Bill highlights the significant lessons gleaned from the initial phase of clean tech development. In contrast to the conventional venture capital approach, where capital efficiency and specific processes like biotech’s FDA approval were the norm, clean tech involved a broader spectrum of industrial companies with higher capital demands, posing challenges for exits and financing. The key takeaway from the first iteration of clean tech was the imperative need for meticulous planning regarding capital allocation, support timelines, and the selection of skilled individuals for different stages of funding, as well as strategic positioning for timely exits. These insights, novel during the era of clean tech 1.0, now inform their strategies in today’s markets, which are characterized by contrarian conditions with elevated interest rates and reduced risk appetite. Braemar diligently safeguards their portfolio companies for unforeseen challenges while striving to optimize investments and attain favorable outcomes.
Braemar’s investment thesis
Don underscores the enduring investment thesis of Braemar, attributed to the vision of pioneers like Bill, Neil, and George, who founded the company two decades ago. This thesis, applicable both then and projecting into the future, centers on the vast energy system, a multi-trillion-dollar infrastructure that governs power generation and distribution. Over the years, this system has witnessed significant evolution, transitioning from a primarily fossil-based and analog setup to a distributed and decarbonized model. This transformation has unlocked a multitude of opportunities across various sectors, with a notable emphasis on electrification, exemplified by Braemar’s early investment in ChargePoint. Don also highlights the broader implications, pondering on how this shift influences industries such as steel production, construction, and residential heating. Particularly, the focus on enhancing the living environment resonates strongly, especially in regions like Boston, where oil traditionally fuels heating systems, prompting a movement towards cleaner alternatives and an overall enhancement in quality of life, in tandem with the imperative of decarbonization.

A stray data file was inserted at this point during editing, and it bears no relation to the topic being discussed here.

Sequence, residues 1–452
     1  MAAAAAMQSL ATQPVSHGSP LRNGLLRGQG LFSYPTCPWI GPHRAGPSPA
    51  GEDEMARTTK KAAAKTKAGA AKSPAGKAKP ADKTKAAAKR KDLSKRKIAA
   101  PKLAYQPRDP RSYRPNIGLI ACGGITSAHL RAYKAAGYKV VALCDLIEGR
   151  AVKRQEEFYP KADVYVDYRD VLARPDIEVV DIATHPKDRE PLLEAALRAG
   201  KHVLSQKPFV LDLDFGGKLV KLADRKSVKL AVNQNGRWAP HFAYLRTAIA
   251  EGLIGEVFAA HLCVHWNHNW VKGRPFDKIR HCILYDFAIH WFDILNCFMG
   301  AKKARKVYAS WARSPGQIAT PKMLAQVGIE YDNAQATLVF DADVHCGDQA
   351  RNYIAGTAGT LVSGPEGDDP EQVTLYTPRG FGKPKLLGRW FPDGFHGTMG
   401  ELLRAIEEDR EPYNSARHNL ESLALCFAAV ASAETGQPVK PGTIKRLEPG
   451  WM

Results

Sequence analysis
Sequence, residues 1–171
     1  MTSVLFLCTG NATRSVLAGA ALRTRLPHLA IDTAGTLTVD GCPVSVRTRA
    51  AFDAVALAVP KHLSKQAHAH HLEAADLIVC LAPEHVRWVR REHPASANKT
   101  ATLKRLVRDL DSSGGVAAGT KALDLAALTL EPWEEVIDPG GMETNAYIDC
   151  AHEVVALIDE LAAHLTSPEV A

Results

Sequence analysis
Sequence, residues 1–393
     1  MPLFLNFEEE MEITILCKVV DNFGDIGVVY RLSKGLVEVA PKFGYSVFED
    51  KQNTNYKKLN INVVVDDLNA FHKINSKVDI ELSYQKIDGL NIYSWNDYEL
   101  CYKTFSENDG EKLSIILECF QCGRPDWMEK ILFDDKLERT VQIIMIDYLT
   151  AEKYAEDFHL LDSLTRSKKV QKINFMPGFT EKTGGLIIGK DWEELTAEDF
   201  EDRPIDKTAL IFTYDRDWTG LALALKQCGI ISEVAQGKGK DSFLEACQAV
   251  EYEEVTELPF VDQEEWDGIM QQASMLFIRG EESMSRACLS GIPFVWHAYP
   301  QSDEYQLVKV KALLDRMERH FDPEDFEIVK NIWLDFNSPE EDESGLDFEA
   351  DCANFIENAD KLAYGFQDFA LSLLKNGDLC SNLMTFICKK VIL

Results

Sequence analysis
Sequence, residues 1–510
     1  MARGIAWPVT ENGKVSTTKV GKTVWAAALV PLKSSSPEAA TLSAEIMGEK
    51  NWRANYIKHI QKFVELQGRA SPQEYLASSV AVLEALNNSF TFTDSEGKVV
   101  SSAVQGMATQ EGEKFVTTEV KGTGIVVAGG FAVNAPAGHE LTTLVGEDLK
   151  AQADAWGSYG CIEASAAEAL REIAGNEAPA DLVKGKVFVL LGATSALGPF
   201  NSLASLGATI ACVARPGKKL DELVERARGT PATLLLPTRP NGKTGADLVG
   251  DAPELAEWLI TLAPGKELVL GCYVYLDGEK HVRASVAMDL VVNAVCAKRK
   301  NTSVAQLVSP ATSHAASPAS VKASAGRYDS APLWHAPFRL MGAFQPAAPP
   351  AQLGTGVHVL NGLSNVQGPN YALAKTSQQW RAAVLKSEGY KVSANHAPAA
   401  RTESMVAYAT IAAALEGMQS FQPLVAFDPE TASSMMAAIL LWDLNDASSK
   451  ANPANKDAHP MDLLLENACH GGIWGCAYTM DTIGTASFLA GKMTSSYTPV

ESG &impact both internally & with a portfolio
Lori draws on her extensive background in the investment sector, having worked with Fidelity Investments and Bank of America, and later with a successful startup and accelerator. This experience uniquely positions her to understand the challenges faced by growing companies, providing valuable insights into how ESG considerations impact their competitiveness and appeal to investors. Within Braemar’s portfolio, the team not only evaluates the quantifiable impact of each company but also assesses their internal carbon footprint, encompassing scope one and scope two emissions from operations. Additionally, they encourage companies to gauge their indirect emissions (scope three), particularly those stemming from employee travel. Lori emphasizes the broader spectrum of ESG factors, including social impacts like diversity, which she views as an essential aspect of long-term success, aligning a company’s composition with future workforce and customer demographics. She also highlights governance elements, such as board gender ratios, data security, and hazardous waste management, all crucial components in evaluating a company’s ESG performance.